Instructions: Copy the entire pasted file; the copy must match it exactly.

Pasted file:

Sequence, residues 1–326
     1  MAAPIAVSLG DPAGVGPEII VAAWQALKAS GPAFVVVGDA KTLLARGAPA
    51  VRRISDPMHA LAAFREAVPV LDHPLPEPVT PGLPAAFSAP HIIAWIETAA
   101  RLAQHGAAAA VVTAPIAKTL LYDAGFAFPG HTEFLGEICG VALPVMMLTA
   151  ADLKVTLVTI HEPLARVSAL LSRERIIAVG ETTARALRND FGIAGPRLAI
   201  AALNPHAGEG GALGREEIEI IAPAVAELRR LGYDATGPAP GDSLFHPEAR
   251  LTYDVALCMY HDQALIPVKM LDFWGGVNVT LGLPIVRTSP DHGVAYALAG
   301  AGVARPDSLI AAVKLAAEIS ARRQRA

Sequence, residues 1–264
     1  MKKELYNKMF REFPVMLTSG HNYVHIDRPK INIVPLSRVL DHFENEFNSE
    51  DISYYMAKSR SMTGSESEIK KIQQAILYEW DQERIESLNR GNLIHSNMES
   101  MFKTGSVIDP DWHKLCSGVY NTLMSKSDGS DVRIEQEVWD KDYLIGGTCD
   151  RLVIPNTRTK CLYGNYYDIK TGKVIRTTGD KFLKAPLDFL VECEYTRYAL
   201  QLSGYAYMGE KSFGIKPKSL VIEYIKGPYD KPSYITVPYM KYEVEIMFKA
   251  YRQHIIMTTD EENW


Sequence, residues 1–326
     1  MAAPIAVSLG DPAGVGPEII VAAWQALKAS GPAFVVVGDA KTLLARGAPA
    51  VRRISDPMHA LAAFREAVPV LDHPLPEPVT PGLPAAFSAP HIIAWIETAA
   101  RLAQHGAAAA VVTAPIAKTL LYDAGFAFPG HTEFLGEICG VALPVMMLTA
   151  ADLKVTLVTI HEPLARVSAL LSRERIIAVG ETTARALRND FGIAGPRLAI
   201  AALNPHAGEG GALGREEIEI IAPAVAELRR LGYDATGPAP GDSLFHPEAR
   251  LTYDVALCMY HDQALIPVKM LDFWGGVNVT LGLPIVRTSP DHGVAYALAG
   301  AGVARPDSLI AAVKLAAEIS ARRQRA

Sequence, residues 1–264
     1  MKKELYNKMF REFPVMLTSG HNYVHIDRPK INIVPLSRVL DHFENEFNSE
    51  DISYYMAKSR SMTGSESEIK KIQQAILYEW DQERIESLNR GNLIHSNMES
   101  MFKTGSVIDP DWHKLCSGVY NTLMSKSDGS DVRIEQEVWD KDYLIGGTCD
   151  RLVIPNTRTK CLYGNYYDIK TGKVIRTTGD KFLKAPLDFL VECEYTRYAL
   201  QLSGYAYMGE KSFGIKPKSL VIEYIKGPYD KPSYITVPYM KYEVEIMFKA
   251  YRQHIIMTTD EENW